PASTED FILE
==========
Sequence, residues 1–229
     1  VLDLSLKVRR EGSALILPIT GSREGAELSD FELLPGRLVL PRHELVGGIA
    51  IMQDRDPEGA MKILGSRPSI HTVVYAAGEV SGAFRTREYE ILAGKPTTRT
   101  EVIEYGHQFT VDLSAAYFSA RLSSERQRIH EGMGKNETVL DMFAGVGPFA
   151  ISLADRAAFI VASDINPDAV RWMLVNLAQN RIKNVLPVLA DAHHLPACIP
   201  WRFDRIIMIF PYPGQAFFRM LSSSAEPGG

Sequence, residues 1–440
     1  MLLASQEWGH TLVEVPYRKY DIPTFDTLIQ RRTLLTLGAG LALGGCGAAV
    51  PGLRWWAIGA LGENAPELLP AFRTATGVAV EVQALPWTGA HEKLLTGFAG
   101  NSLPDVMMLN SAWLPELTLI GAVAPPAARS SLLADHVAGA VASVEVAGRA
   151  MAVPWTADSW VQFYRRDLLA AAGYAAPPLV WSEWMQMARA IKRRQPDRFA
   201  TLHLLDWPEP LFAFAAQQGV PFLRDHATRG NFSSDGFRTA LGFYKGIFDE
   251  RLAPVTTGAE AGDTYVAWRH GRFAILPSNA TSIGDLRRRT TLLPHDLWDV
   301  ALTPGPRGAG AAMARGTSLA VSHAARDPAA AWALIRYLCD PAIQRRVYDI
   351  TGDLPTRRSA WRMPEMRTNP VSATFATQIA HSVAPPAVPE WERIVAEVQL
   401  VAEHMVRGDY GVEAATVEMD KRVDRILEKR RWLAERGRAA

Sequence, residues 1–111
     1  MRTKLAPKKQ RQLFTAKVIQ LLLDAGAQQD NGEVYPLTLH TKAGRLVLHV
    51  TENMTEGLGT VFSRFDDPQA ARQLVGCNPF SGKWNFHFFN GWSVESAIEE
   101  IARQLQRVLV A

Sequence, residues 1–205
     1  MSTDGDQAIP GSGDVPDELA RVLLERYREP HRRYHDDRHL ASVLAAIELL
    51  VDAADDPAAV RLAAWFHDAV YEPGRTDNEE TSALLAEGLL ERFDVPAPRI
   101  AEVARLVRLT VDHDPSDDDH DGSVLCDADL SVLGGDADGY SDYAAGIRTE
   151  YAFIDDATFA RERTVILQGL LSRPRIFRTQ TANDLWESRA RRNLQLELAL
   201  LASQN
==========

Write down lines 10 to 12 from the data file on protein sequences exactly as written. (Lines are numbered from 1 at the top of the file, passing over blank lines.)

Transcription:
   101  NSLPDVMMLN SAWLPELTLI GAVAPPAARS SLLADHVAGA VASVEVAGRA
   151  MAVPWTADSW VQFYRRDLLA AAGYAAPPLV WSEWMQMARA IKRRQPDRFA
   201  TLHLLDWPEP LFAFAAQQGV PFLRDHATRG NFSSDGFRTA LGFYKGIFDE